We will now examine how Vijnanam, the knowledge of Nirguna Brahman can contribute to religious harmony and unity of humanity.  Kena Upanishad first reveals pure Consciousness, also called Athma, as the power behind all our powers of cognition. The pure Consciousness is an independent principle which is not part, product or property of the body and it enlivens the body- mind complex, which is made of pancha bhuthas.  The pancha bhuthas are inert by themselves and so the body mind complex as their compound is also inert.  It is only the blessings of pure Consciousness that makes the body mind complex sentient.  Later the Upanishad goes on to equate this pure Consciousness with Nirguna Brahman.  From this we conclude that Nirguna Brahman as pure Consciousness, enlivens all body mind complexes, irrespective of sex, age, race, religion. colour and nation.  So when you have Vijnanam, you realise that the consciousness principle that enlivens your body mind complex is the same One that enlivens all other body mind complexes.  You also realise that whatever be the external differences the internal power that makes people move and function as sentient human beings is the same.  This power is the Nirguna Brahman, the pure Consciousness, referred to as Sat in the Rig Veda mantra. It is One only without a second and it is this One which is called by many names in its other nature as Iswara.
Kena Upanishad also makes it clear that the forms which are worshipped, are only that of Iswara and not that of Brahman.  Iswara is the one that is commonly referred to as God and worshipped in different forms or symbols under different names.  This Iswara only is the srishti, sthithi, laya karanam.  Since it is worshipped in different forms or symbols, the worshippers of each symbol or form feel theirs is the true God and all other representations are false/inferior Gods, when worshippers’ knowledge stops with Iswara without extending to Nirguna Brahman, the higher nature of Brahman i.e. with Jnanam without extending to Vijnanam.  So people with Jnanam only without the Vijnanam are only aware of the dividing factors that separate them and miss the uniting principle. So Jnanam alone without Vijnanam had been and is the breeding ground of religious fanaticism and intolerance, This and the resulting zeal for conversion has been the cause for fights and wars, not to speak of present day terrorism, in the name of religion. With Vijnanam you see not only the One Brahman in all, but also all in One Brahman, and know this Brahman is none other than your own real Self.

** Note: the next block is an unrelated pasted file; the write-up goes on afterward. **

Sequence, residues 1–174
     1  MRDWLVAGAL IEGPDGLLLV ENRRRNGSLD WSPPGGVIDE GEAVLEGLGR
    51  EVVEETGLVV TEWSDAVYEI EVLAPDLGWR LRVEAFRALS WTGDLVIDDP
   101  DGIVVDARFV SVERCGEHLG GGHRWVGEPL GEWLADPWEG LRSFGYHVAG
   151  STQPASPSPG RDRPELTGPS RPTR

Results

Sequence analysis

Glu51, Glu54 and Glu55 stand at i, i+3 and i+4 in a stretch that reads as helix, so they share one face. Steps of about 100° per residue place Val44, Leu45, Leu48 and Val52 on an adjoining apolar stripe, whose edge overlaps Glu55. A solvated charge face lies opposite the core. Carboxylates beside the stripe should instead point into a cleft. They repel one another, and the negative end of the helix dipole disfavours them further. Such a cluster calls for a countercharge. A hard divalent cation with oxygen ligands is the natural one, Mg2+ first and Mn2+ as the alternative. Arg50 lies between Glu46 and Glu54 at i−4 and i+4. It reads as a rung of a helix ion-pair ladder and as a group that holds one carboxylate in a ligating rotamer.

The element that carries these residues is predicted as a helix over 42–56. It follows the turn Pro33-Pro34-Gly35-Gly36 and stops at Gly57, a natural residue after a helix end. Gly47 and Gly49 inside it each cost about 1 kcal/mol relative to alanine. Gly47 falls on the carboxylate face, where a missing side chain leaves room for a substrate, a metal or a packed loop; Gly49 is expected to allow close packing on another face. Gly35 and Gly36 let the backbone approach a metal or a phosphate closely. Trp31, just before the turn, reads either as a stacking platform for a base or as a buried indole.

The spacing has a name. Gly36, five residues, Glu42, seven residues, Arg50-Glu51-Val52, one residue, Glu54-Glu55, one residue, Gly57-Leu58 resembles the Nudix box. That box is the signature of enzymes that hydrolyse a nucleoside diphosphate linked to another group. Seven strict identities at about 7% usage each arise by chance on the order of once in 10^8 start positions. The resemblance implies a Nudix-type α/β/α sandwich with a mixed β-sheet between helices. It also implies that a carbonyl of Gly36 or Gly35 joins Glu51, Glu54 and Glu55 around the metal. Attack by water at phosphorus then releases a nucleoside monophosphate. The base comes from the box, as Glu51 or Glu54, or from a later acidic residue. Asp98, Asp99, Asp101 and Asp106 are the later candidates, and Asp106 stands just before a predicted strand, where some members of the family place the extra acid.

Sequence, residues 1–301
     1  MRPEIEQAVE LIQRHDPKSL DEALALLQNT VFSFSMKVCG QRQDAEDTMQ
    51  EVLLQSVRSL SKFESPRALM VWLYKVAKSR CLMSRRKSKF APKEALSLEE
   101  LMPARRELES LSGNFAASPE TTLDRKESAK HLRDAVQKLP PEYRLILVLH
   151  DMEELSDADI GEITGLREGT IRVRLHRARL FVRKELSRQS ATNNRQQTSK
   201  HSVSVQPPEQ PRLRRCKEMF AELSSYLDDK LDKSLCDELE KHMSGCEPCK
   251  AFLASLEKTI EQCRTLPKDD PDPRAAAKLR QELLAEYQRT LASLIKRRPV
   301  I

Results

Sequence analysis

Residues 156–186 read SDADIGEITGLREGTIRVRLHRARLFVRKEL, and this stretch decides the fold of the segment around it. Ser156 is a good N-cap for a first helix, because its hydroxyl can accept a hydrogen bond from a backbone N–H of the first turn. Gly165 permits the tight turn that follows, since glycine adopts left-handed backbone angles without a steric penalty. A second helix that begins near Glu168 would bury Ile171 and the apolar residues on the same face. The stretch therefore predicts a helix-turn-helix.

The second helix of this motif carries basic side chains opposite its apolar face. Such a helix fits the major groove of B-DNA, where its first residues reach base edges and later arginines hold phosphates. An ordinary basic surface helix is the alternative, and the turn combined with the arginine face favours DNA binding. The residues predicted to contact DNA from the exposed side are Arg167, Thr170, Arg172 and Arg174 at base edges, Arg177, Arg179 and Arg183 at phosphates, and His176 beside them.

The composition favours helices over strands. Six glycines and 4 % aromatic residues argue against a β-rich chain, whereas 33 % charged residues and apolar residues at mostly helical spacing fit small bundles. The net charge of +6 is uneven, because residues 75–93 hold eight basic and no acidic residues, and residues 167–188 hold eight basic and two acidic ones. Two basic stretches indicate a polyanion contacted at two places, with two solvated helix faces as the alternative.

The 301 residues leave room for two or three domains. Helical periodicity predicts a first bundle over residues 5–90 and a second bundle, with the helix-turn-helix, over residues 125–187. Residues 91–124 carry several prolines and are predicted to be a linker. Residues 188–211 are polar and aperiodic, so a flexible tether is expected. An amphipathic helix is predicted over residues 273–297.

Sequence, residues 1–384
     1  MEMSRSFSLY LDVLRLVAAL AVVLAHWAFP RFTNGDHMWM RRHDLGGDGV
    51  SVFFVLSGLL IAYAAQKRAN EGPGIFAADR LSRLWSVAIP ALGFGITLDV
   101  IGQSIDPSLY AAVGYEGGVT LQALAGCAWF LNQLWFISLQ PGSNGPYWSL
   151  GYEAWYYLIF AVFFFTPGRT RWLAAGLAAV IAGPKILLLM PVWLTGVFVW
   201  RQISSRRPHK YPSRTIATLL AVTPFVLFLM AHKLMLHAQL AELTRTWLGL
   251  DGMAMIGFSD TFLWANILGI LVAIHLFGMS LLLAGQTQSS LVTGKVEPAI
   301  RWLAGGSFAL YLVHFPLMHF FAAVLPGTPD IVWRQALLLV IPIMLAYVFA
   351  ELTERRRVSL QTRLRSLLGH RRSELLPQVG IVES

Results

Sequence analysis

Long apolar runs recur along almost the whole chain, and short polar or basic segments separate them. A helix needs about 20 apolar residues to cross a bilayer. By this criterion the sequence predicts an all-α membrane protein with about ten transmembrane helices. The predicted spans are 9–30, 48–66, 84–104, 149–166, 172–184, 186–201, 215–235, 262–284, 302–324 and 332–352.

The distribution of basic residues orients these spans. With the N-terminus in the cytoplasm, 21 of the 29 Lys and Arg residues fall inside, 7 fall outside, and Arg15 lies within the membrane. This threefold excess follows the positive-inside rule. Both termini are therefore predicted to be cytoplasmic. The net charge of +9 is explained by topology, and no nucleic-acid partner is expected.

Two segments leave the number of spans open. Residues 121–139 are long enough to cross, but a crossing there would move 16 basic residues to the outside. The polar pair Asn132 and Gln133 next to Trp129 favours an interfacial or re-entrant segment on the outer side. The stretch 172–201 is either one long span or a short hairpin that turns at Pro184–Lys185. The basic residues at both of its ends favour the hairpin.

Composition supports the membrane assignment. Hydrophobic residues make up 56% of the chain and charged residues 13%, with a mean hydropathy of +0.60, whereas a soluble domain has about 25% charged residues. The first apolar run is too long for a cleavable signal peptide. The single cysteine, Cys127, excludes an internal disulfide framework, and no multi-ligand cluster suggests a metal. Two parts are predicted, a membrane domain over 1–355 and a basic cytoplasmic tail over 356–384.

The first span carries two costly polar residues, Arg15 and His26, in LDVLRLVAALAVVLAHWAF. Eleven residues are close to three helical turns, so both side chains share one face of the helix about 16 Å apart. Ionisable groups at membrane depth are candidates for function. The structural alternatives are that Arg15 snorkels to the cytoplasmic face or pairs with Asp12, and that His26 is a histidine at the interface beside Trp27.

Burt Harding, one of the advaita teachers of west, presents the same idea in different words.  He says in his satsanghs that human being is a mix of human and Being.  Being is the Oneness principle, the word he uses for Brahman, which is same in all human beings, irrespective of their race, religion, colour, sex or sect or nationality.  When people’s knowledge stops with the 'human' only, without the knowledge of the 'Being', there is emphasis on factors that divide humanity.  When it extends to 'Being' and one discovers that his real Self is the Being that is Oneness and not the human, which is ego, then one sees the intrinsic unity of all people i.e. pure consciousness and does not see others separate from oneself.  Deepak Chopra, another advaita teacher, calls this knowing state of mind as the state of Unity Consciousness. Vijnanam leads one to this Unity Consciousness that is necessary to achieve the principle of real brotherhood among humanity.